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So I'll talk about a recipe instead.

There's this thing I learned about from Anthony Bourdain.  The national dish of Singapore -- (Hainanese) Chicken Rice.  It's a big plate of beige and consists of boiled chicken and rice.  Behold:

It probably sounds dreadful and boring and bland and gross, but there - alas - you would be wrong.  Aside from how relatively healthy a meal it is, it's also one of the most delicious things I've ever tasted.  It makes the house smell like heaven, and it's also economical -- you use the chicken simmering liquid to cook the rice, and as is popular in many neighboring countries, as a little side of soup as well.

The basic preparation is dead easy, but the trick is cooking the chicken so it remains tender and juicy (almost silky), and as anyone who's boiled a chicken breast will tell you, that's a high-wire act.  I finally got it right last time, and I'm going to do it again tonight, because it's nearly addictive.  The original recipe calls for cooking a whole chicken, but that's a bit much even for me.

Hainanese Chicken Rice (low-fat version)

Two nice-sized boneless, skinless chicken breasts
32 oz. low-fat chicken stock
1 bunch scallions, cleaned and chopped in halves
1 3" chunk ginger, rough-chopped
3-4 cloves garlic, crushed
1 cup Thai jasmine rice
1 small shallot
2 tsp. vegetable oil
2 Tbsp Hainanese Chicken Rice seasoning paste (if you can get it - it's optional)
Dipping sauces: Chinese dark soy, Thai chile/garlic paste

I got the seasoning paste from Super H in Niles (Waukegan/Oakton) in their Thai section.  It's not necessary, but it adds a nice depth of flavor.  I pour off the extra oil on top when I open the jar, because it's not necessary.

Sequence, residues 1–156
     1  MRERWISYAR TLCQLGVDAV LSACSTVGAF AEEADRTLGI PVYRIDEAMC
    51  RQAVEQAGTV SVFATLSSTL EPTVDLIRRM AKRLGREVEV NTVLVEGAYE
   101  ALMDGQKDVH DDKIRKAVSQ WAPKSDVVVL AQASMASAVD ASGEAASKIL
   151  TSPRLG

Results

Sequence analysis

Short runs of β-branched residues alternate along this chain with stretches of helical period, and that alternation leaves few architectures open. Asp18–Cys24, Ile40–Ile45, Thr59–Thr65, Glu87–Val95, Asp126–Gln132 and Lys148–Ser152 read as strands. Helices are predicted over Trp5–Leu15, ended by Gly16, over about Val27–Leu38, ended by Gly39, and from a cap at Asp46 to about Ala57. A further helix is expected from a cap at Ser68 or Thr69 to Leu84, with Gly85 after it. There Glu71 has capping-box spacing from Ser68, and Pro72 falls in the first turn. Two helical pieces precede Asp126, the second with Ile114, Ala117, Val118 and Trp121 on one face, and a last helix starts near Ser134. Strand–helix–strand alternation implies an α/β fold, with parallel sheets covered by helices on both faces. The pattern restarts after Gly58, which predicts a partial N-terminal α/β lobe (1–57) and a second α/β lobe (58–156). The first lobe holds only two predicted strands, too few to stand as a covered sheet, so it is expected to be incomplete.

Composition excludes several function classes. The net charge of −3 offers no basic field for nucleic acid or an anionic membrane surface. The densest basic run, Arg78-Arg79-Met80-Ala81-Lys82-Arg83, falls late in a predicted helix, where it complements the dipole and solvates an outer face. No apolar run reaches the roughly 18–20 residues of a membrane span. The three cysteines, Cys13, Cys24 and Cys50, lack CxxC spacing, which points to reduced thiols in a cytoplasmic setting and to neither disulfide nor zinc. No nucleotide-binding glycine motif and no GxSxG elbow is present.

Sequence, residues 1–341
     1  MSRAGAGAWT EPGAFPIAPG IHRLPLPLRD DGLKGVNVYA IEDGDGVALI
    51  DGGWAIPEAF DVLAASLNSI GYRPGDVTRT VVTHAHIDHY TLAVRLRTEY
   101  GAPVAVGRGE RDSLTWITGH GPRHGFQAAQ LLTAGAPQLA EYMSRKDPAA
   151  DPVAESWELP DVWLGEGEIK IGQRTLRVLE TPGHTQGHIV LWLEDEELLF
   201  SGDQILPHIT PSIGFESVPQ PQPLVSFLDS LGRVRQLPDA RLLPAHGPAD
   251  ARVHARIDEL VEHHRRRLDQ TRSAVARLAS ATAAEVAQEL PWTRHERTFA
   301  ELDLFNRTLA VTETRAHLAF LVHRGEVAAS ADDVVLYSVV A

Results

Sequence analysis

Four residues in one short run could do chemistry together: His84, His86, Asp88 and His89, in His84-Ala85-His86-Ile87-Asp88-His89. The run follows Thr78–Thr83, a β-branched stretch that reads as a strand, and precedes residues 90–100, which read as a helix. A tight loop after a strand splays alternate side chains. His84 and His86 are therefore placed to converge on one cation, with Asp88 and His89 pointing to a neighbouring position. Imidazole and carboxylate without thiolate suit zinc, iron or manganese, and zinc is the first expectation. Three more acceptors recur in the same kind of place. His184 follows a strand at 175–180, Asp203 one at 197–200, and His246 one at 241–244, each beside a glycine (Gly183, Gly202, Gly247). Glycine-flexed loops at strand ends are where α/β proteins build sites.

Pour the stock into a pot. Add the chicken breasts, rough-chopped scallions, rough-chopped ginger and garlic.  Bring to just below a simmer -- no more than 170-175  degrees, and check it every few minutes to make sure the stock is barely moving and the temperature is constant below 180.  (The closer it gets to boiling the tougher the chicken will be.  Even if it only reaches that temperature for a minute or less, the chicken likely will be rubbery.)  After about 20 minutes, test the chicken's core temperature.  Once it reaches 165-170, remove it immediately from the stock and plunge it into ice water.  Let it sit for 5 minutes in the icewater and then remove to the countertop.  Let sit until you're ready to serve.

When both breasts are done, throw the shallot - finely diced - into a small pot with the oil and sautee for about 2-3 minutes, until the shallots start taking on a little color.  Add the rice and stir for another minute or two until the rice starts to turn opaque and a few grains start to pop.  Add 2 cups of the cooking liquid from the chicken, stir, bring to a boil and then immediately reduce the heat to a low simmer.  Stir occasionally, as the rice can get a little sticky and clumpy.  It should be done in about 15-20 minutes.

Slice the chicken across the grain and serve with a scoop of the rice, some sliced raw cucumbers, and the two traditional dipping sauces --  dark soy and the vinagery garlic/chile paste.  You can get them in the Asian section of almost any decent grocery store.

Serves 2 (the cook, and whoever will be eternally in the cook's debt).
jood: (Default)
Shortly after we moved I realized I couldn't find the Word file for the cookbook I'd written. Copy on my PC: missing. Online archived copies on my web server: gone. Backup CDs: nowhere. I was distraught.

Two nights ago, looking for some audiobooks to listen to in the car, I found a copy. It is a very old (probably first) edition, and it's hard copy only, but it lives. Most of my home-developed recipes have been recovered. It even has some hand-written edits in it.


Revisions may start anew!


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August 2010

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